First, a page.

Florida Gov. Ron DeSantis extended the statewide suspensions on evictions until July, but I-Team Reporter Jackie Callaway uncovered how courts handle eviction cases depending on where they live.
The I-Team uncovered Sarasota and Manatee County courts are accepting eviction filings but not processing them. The Pinellas County Clerk of Court said it has stopped short of issuing writs of possession – the final step in the eviction process.
Manatee County’s Clerk of Court Angelina Colonneso said she’s being guided by a Florida Supreme Court administrative order instructing the state’s courts to suspend all writs of possession.
“Right now, landlords can file, but at this point to move it through the system has been suspended,” said Colonneso.
But the I-Team found that the Hillsborough County’s Clerk of Court is not following the order from the state’s highest court and continues to issue writs of possession.
“These are things we feel should not be happening under the order but they have,” said Tom DiFiore, of Bay Area Legal Services.
DiFiore said any cases with a writ of possession could mean an eviction within 48 hours once the governor’s suspension order is lifted.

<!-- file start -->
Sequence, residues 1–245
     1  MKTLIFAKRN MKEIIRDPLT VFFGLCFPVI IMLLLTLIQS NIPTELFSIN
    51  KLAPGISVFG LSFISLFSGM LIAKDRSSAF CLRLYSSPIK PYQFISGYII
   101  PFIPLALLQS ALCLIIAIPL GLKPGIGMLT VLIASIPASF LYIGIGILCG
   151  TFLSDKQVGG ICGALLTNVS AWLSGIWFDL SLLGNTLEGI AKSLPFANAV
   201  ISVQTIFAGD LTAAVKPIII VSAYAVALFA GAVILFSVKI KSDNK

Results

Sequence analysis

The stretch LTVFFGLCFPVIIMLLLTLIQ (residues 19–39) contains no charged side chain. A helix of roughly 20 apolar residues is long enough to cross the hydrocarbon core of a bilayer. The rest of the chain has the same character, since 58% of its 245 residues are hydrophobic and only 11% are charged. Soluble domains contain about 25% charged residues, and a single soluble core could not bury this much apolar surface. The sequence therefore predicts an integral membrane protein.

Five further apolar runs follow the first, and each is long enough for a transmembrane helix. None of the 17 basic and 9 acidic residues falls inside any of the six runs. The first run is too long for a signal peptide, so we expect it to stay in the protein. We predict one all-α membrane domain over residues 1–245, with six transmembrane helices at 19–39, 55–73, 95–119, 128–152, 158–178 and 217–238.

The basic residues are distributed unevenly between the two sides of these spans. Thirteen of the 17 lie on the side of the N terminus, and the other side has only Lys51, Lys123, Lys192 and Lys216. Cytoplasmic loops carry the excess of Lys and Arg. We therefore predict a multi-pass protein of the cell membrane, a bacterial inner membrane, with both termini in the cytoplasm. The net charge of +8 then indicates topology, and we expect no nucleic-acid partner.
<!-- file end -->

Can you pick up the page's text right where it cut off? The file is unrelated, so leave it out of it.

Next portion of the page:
I-Team Reporter Jackie Callaway checked court records and found Hillsborough County has issued more than 80 writs of possession since the governor's order took effect April 2.
The I-Team asked to speak with Hillsborough County Chief Judge Ronald Ficarotta about why the court is still issuing final eviction orders. ABC Action News is waiting for an interview.
For months, the I-Team has reported on hundreds of evictions filed in the wake of the governor’s suspension order. In Tampa Bay, landlords have filed more than 500 evictions.
After Shane Dobson lost his job in March and missed April’s rent payment, his landlord filed in court to evict him.
“I’ve lost a lot of sleep,” Dobson told ABC Action News, in the wake of an eviction court summons issued April 13.
With the help of a social services organization, Dobson was eventually able to work out a payment plan to avoid eviction.
But housing law experts say hundreds of other local renters could be put out on the street just days after the governor's suspension order expires July 1.
The governor’s order is a temporary suspension and tenants will have to pay any back rent they owe at some point in order to avoid eviction in the future.
The Pinellas County Clerk of Court told ABC Action News that once an eviction is filed, it stays on a tenant’s court record permanently.
For those facing eviction, experts say the best bet is to negotiate a settlement or payment plan with the landlord.